Giuseppe Verdi - La Traviata
Festspielhaus Baden-Baden, 2015
Pablo Heras-Casado, Rolando Villazón, Olga Peretyatko, Atalla Ayan, Christina Daletska, Emiliano Gonzalez, Tom Fox, Konstantin Wolff, Simone Piazzola, Deniz Uzun, Walter Fink
ARTE Concert - June 2015
La Traviata has nothing to prove. It remains Verdi's most popular masterpiece. Aside from the quality of the work itself, which is reason enough never to tire of it, there is always the opportunity to see its universal themes approached differently and to see how some of the best sopranos in the world take to it. At the Baden-Baden 2015 festival, we have the opportunity, for the first time as far as I know, to see Olga Peretyatko pit herself against one of the greatest works in the repertoire. Directing this production is none other than the troubled tenor Rolando Villazón.
As impressive a singer as she is, the casting of Olga Peretyatko is by no means an assured success. One of the finest bel canto singers of our time, Peretyatko has been impressive in her Rossini, Donizetti and Bellini, as Blonde in Mozart's Die Entführung aus dem Serail, and has shown some fine dramatic soprano capabilities as well in Rimsky-Korsakov's The Tsar's Bride. Singing Violetta however is another matter. It's a challenging role to sing, with a dramatic and dynamic range that would put any soprano through their paces. Most importantly, it demands that a soprano bring something of her own personality to imprint upon the character.
Even in the modern age, La Traviata remains a soprano's opera more than it does a director's one, although a radical interpretation can get to the burning anger that lies in Verdi's fierce condemnation of social hypocrisy. That's evidently not what Rolando Villazón's circus-like production for Baden-Baden sets out to achieve. It's hard though to work out what angle the director is coming from though other than just making it a colourful, abstract and entertaining spectacle.
The circus stage is actually more of a music-box scene, with a few large colourful discs like gambling chips that provide good platforms for the scenes of all four acts. The idea seems to be that the music box is contemplated by the dying Violetta before the opera starts, prompting her to reflect on the significant scenes of her life in flashback. I guess a music box is as good a description for this opera as any, but I can't see how it benefits the drama in any way. As good as Olga Peretyatko is, there's just not much life in this production.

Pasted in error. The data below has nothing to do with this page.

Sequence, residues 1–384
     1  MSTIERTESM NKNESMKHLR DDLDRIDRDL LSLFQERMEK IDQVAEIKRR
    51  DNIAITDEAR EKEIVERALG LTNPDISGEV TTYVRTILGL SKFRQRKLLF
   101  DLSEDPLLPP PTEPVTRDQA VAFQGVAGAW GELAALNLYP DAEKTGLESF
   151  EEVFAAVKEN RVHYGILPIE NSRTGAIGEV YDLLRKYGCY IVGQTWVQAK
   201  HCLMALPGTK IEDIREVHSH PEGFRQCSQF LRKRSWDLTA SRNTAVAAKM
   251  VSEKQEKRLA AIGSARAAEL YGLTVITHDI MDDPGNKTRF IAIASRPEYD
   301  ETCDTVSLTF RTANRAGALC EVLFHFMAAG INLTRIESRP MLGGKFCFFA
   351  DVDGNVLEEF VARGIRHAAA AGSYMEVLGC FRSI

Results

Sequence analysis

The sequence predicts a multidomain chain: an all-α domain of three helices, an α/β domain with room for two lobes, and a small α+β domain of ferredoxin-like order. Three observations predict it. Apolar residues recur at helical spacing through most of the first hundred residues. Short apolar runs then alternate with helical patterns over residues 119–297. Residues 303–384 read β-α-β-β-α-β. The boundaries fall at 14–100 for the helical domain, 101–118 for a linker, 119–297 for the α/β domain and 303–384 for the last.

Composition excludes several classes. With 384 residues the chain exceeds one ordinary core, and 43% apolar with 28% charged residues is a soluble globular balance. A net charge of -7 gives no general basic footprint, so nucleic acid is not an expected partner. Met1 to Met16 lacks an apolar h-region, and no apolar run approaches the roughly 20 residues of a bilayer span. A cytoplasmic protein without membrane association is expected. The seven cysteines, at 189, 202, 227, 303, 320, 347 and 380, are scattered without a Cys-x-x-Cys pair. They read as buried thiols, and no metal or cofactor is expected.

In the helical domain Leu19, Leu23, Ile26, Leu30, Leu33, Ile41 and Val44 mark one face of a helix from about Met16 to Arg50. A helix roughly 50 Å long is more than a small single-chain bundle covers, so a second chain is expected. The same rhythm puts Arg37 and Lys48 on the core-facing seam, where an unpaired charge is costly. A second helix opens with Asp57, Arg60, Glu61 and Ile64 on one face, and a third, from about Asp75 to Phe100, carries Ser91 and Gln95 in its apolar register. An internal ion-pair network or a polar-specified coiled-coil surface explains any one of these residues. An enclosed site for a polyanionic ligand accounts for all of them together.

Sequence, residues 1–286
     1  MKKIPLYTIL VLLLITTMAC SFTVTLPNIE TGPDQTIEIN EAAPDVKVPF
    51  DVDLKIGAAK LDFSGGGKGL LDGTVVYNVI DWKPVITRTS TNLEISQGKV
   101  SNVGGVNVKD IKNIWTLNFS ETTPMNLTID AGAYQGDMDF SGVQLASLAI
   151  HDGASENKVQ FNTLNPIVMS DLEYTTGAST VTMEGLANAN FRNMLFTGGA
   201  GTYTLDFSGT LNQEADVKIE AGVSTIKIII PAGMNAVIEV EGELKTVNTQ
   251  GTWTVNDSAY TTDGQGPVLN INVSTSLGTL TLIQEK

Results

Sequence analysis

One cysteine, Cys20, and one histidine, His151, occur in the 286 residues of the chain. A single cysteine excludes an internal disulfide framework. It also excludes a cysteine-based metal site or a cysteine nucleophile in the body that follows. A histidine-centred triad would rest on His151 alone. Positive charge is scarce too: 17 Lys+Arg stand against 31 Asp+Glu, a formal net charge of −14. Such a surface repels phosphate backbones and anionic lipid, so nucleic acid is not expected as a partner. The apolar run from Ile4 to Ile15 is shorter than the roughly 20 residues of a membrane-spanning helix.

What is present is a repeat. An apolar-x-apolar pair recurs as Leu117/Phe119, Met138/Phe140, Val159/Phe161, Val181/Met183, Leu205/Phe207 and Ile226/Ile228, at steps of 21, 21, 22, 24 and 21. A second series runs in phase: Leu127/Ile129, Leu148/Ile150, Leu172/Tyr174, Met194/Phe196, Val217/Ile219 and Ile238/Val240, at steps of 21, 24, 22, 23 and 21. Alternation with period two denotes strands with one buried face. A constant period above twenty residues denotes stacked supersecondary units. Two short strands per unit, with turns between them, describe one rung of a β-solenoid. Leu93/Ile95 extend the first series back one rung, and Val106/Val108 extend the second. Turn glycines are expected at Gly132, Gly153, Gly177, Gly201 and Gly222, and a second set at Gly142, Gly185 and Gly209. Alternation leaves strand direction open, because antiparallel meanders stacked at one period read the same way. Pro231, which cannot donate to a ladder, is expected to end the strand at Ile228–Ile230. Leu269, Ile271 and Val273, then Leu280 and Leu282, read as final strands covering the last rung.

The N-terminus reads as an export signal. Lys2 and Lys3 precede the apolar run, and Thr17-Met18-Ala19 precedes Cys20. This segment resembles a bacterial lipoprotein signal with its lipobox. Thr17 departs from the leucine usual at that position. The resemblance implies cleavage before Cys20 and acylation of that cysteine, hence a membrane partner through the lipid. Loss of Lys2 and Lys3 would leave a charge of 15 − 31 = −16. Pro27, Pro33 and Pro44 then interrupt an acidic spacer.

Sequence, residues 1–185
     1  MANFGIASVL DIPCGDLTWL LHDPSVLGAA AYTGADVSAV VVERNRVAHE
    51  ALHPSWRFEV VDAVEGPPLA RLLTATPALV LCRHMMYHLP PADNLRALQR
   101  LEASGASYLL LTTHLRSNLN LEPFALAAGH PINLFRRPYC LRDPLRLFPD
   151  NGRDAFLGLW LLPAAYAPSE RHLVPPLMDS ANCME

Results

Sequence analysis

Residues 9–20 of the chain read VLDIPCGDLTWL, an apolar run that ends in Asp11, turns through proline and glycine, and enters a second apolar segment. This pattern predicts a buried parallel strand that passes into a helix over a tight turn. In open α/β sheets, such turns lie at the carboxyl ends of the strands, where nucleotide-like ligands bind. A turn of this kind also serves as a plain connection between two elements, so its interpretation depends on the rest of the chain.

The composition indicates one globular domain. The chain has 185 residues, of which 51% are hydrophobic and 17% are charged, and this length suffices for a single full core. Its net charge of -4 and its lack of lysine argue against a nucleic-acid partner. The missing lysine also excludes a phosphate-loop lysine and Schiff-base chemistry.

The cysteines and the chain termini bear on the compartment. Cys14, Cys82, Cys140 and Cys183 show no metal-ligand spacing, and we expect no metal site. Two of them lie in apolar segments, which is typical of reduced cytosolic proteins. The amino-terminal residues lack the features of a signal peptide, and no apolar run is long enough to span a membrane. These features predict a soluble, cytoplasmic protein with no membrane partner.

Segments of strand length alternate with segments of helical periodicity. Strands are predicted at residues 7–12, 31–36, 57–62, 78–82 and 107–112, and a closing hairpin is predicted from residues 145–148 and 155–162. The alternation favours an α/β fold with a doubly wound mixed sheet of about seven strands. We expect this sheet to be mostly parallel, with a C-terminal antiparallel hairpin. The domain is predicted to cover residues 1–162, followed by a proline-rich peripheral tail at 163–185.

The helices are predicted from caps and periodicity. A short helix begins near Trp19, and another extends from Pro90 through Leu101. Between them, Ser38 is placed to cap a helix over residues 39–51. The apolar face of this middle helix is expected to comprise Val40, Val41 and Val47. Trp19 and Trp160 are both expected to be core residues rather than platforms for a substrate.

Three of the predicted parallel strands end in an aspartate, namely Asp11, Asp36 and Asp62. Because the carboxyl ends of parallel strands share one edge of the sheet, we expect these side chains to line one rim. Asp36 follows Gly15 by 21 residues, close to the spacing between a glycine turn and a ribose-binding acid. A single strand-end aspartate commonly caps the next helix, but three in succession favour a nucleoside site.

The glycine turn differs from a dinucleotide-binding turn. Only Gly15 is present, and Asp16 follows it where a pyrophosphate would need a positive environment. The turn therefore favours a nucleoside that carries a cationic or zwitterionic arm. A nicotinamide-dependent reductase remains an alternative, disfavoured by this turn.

Few of Villazón's ideas really amount to anything. Violetta seems to identify with a blonde acrobat, who acts in some of the scenes as her double. Her appearances are fitful and arbitrary and it's not as if a double was needed to do some gymnastics. Rather it tends to make the connection and relationships between the characters rather awkward in some key scenes. In what is usually one of the most powerful scenes of the work for example, Alfredo's denunciation of Violetta at the party in Act III, rather than the usual flurry of notes cast in Violetta's face, Villazón finds another way of showing the violence of this action. Alfredo rolls the money up into a knife, but the impact is lessened somewhat when he thrusts it into the ground while Violetta looks on a little way off.
There's only so much Peretyatko can do this this kind of direction, which never really captures the dynamic of Violetta's journey. Vocally, she's impressive, with a distinct quality of her own, a gorgeous rich full tone and a flowing legato that is able to do full justice to the role. Played rather slower than usual, the pace allows her voice and her technique to be heard clearly and it never falters. Whether it's paced as such on her account or on the reading of the conductor, I don't know, but it does unfortunately suck the life out of the work, particularly the energetic Act I. She doesn't look the sickest Violetta you've ever seen in Act IV, although it's still almost impossible for you still not to feel the impact of her final moments, so well has it been managed and scored by Verdi.
The dynamic was also missing from the conducting of Pablo Heras-Casado. I was looking forward to seeing what the Spanish conductor did with this, having heard him conduct one of the best Die Zauberflotes I've ever heard at Aix-en-Provence last year. I was disappointed here. There should be energy, passion and anger here and it just doesn't come across that way. Very much worthwhile for showing how capably and largely successfully Olga Peretyatko can extend her range into Verdi's dramatic opera, this is however not the best production or musical treatment you'll see of La Traviata.
Links: ARTE Concert